Jean: RPC does get a bit nervous about these things.

Mirja: rswg can only do things via RFC. Only RSAB can give day-to-day
advice. (Rumbling in the crowd)

Carsten Bormann: we should be documenting objectives, e.g. in RFCs. A
secondary function of this group could be to provide support via
discussion to collect consensus about objectives.

Carsten: RFC format is not well-defined by a grammar. So
change is maybe less than people think. Most of the changes are
semantic, not grammar.

Carsten: stability and accessibility objectives may be in tension and we
should be trying to add clarity for such things.

Alexis Rossi: agrees with what Paul said, we need to trust RPC and they
have a good track record so we don't need to put a leash on them.
"required" in questions is wrong, would run into tendency to prescribe
actions rather then set goals. If we are allowing RPC to use discretion
we need to be explicit about that in an RFC because some people in the
community may quibble.

Lars Eggert: happily agrees with Alexis. Notes RFC needed because people
will quibble. As stream-owner, notes RPC hesitate because they've been
burned in the past, so we need to get out of the mode of second guessing
what they do.

Lars: also likes think of objectives first, then thinking about what
policies help reach those objectives and then think about what documents
are needed to reflect that. Dealing with xml is not in the top 5 things
to discuss. Errata could be stream-specific, but objectives for how to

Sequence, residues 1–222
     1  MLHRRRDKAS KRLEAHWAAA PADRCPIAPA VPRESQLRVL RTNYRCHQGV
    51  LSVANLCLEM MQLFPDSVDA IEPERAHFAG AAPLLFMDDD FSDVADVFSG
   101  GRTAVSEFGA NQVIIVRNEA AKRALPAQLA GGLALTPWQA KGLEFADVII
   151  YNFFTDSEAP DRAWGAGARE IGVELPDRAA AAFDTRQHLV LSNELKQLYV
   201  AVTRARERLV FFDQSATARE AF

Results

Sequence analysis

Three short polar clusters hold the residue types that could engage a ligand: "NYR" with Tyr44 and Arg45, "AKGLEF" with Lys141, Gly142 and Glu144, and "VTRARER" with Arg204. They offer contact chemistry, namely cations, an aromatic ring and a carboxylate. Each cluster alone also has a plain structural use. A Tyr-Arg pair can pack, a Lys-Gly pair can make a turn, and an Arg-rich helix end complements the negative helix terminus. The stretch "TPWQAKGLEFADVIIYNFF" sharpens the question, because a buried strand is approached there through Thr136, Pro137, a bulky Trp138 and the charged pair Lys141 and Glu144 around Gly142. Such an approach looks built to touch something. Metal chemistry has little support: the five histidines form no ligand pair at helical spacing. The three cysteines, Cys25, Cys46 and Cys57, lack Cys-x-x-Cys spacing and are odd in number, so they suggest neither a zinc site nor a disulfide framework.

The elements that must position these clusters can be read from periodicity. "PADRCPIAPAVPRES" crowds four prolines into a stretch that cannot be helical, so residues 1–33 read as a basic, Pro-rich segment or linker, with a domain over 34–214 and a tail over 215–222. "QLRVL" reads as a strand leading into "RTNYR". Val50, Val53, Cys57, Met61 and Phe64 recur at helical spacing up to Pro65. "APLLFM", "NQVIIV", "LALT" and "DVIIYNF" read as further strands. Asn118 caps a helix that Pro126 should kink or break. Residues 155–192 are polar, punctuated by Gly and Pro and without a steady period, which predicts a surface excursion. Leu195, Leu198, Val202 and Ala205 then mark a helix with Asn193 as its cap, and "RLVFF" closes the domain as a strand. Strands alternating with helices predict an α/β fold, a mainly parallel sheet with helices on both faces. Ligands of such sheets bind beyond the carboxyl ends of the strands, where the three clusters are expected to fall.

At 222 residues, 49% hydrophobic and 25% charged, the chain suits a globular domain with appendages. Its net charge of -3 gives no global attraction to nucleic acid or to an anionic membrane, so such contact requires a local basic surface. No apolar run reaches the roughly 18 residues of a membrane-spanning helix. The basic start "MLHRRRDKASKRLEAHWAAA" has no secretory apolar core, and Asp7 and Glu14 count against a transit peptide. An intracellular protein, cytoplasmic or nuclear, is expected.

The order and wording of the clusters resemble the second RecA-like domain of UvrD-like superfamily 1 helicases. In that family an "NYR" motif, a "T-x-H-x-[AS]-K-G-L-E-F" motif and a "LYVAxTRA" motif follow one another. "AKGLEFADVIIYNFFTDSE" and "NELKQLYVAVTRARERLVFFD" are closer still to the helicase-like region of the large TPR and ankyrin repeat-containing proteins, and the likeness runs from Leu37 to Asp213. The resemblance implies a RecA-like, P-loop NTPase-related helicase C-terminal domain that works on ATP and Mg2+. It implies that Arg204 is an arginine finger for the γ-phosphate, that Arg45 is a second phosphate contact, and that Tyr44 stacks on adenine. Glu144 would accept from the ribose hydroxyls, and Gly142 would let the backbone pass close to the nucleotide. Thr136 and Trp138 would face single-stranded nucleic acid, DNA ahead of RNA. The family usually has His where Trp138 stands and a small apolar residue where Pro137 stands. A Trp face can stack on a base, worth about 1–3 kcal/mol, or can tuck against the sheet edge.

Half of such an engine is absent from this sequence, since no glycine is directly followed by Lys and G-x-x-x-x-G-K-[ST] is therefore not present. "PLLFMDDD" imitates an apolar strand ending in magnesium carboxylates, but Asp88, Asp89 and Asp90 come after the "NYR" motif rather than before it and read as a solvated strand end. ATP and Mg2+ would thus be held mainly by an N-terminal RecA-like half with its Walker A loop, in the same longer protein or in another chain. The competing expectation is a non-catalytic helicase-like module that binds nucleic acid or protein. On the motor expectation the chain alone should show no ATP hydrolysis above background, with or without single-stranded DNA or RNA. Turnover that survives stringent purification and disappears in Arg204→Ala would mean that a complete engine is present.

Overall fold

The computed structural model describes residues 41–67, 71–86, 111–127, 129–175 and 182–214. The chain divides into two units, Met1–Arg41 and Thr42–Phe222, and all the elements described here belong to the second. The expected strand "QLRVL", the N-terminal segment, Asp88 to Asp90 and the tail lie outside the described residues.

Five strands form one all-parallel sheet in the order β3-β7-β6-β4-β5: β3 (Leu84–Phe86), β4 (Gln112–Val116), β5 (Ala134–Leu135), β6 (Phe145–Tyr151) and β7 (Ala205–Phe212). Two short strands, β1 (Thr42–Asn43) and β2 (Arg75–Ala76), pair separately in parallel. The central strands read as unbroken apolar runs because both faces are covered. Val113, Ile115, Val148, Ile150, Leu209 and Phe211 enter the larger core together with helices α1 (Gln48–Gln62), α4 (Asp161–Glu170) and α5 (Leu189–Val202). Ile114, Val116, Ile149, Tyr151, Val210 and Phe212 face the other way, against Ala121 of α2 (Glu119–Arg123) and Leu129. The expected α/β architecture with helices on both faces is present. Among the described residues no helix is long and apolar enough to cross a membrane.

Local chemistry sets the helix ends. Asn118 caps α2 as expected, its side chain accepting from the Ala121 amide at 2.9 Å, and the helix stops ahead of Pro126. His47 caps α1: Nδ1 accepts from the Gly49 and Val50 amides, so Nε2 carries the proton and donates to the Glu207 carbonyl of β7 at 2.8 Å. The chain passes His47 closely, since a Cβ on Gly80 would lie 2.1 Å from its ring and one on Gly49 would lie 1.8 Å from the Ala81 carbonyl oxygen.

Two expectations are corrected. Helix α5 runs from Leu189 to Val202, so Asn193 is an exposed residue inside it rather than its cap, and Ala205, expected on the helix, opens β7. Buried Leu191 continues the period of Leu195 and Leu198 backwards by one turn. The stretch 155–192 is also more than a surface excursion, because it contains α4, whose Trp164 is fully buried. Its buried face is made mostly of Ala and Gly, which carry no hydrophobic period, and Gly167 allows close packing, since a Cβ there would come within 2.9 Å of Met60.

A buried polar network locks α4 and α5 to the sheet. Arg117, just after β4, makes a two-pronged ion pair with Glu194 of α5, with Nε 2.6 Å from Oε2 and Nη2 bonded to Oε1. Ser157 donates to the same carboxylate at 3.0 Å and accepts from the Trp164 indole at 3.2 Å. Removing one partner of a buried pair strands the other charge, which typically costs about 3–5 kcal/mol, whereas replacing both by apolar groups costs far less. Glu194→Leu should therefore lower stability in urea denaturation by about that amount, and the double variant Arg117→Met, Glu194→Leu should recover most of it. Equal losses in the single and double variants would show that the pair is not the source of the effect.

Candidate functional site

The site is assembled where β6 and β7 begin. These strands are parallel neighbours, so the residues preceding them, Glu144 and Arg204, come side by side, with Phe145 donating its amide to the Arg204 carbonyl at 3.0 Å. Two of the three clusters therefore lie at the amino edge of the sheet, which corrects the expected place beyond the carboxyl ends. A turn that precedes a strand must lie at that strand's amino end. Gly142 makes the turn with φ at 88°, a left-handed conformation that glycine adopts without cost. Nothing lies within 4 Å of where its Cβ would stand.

process errata could be dealt with by rswg. Generally wants to zoom out
a lot more.

John Klensin: See recent email to list. Seems most of us saying the same
thing. Trust RPC because some trust RSWG less. We should say (as policy)
getting things published in minimal time with quality is a clear policy.

Jay: agrees with Jean that an RFC is important. Also notes we may need
to that partly because of existing docs that nearly say immutability is
needed. Agrees that stating goals is good.

Robert: An rfc that tells rpc it can do x, may hit issues if/as a set of
community members who think rfc series shouldn't exist. Those people
aren't in the room but we need to consider they exist and we need to
talk to 'em to reduce friction.

Eliot: in this room, I heard pretty good consensus on faith in RPC use
of judgement. (Pete/Russ: yep, both more comfortale.) The people who
didn't show up may be in the rough, we'll deal with it.

Eliot: also: get on with it, we're blocking bunches of other issues,
e.g. accessibility, mathml, svg and doesn't want to see this stuff block
that stuff.

Pete: chairs felt resolution of this discussion could unblock those
other things

Eliot: as RSAB member, I hope resolving this discussion does unblock
some of those things soonish

Mirja K├╝hlewind: in general we should trust RPC as part of their role is
to ensure something stable. We shouldn't put a policy where there's not
a problem. If RPC is unsure, then maybe policy needed but also need a
solution. If someone is unhappy with RPC actions, they can also try
write an RFC.

Eliot: fine with that as long as we don't block.

Paul Hoffman: the people who don't like the rfc series are not for this
wg.

Lars Eggert: disagrees with paul; rfc series is output of IETF and there
are people unhappy with that. See "living document" discussion. Also
yang model outputs. People have valid reasons to want to maintain
non-RFCs. So this wg is the place to have those discussions.

Stephen Farrell: Agree with Lars, disagree with Paul. Need to give them
someplace to complain; this group might as well be where.

Eliot: Agree with Stephen.

Russ: chairs happier with this discussion hope it results in unblocking.

Lars Eggert: meta-issue wrt scheduling this slot. We doing this again or
what?

Russ takes real hum: concludes a regular slot would be ok.

Colin: stream managers needed => non regular slot.

Jay offers to buy lunch.

Mirja: breakfast better (note taker barfs)